German officers and men stationed at the airfield in Drama, Greece, were shaken out of their beds by the thunder of heavy guns on the morning of May 20, 1917. Headquarters advised them that British warships in the Aegean Sea were bombarding the naval base at Kavalla, about 15 miles southeast of Drama.
The gunfire was being directed by a Royal Naval Air Service (RNAS) Maurice Farman reconnaissance plane with a seven-fighter escort. Leutnant (second lieutenant) Rudolf von Eschwege (pronounced Esh-Vay-Ga), the only German fighter pilot on the Macedonian Front, ran to his Albatros and took off as soon as he heard the news, still wearing his pajamas. Eschwege knew that he must try to surprise the Farman pilot without interference from the seven-fighter escort. Instead of attacking the Farman directly, he circled to the east of the enemy, heading out over the Aegean and climbing all the way. Soon he was above and seaward of the intruders, who expected any interceptors to come from the shore. Suddenly he plunged down out of the morning sun, passing through the escort and firing at the Farman as he dived. His aim was true–the Farman fell into the Aegean Sea with the dead pilot slumped over the controls. His mission accomplished, Eschwege now depended on his Albatros’ diving speed to escape the fighter escort. But the Allied pilots were so surprised by his sudden attack that they failed to chase the speeding Albatros. The encounter is a perfect example of Eschwege’s daring and ingenious approach to combat aviation.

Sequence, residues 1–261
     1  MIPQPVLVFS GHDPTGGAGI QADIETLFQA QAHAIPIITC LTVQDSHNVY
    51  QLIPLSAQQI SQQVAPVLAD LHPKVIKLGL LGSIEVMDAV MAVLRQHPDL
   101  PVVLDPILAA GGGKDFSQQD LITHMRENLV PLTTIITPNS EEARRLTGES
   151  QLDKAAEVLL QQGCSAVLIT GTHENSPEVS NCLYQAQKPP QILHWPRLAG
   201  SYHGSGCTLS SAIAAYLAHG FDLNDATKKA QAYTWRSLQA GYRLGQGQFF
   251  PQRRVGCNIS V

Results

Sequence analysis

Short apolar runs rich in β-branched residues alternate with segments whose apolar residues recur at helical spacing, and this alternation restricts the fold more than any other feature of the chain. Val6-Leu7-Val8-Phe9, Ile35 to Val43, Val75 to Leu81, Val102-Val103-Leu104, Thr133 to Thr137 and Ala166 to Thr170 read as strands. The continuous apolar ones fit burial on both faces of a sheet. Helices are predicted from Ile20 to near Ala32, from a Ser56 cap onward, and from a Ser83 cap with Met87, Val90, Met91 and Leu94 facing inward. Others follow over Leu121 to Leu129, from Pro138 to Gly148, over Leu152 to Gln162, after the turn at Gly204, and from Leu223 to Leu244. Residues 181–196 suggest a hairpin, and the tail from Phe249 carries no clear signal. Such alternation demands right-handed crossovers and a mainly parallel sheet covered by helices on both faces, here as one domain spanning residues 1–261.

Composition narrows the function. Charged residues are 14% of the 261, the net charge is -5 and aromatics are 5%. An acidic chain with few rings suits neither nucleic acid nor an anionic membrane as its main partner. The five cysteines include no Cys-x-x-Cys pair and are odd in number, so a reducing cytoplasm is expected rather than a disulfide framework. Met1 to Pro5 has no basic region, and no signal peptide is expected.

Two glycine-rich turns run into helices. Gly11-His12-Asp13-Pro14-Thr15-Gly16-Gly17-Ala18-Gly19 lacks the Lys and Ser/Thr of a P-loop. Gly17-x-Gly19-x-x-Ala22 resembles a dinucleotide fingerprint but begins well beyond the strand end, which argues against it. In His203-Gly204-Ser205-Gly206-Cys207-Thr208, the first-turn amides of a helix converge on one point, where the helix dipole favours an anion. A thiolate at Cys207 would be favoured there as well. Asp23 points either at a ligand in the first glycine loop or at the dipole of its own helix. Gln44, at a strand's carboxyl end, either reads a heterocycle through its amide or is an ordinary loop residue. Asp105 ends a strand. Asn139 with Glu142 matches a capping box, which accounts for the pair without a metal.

Rudolf von Eschwege was born in Homburg von der Hohe in northern Germany on February 25, 1895. After completing his secondary schooling, he entered the War Academy. When World War I began, the 19-year-old cadet–of medium height and a delicate build, with piercing blue eyes–was sent into battle with the 3rd Mounted Jäger Regiment on the Western Front. After three months on the battlefield, finding little opportunity for individual initiative, Eschwege applied for flying duty, and by February 1915 he was in flight training. Like the ‘Red Baron,’ Manfred von Richthofen, Eschwege was not a born pilot. Before he completed his training, the fledgling flier crashed several planes, but he eventually passed his tests and went back to the Western Front as the pilot of a large two-seater in the observation/reconnaissance unit Feldflieger Abteilung (FFA) 36 in July 1915. The winter of 1915-1916 proved largely uneventful, but by May 1916 Eschwege was flying Fokker Eindecker scouts, attempting to protect FFA 36’s observation planes.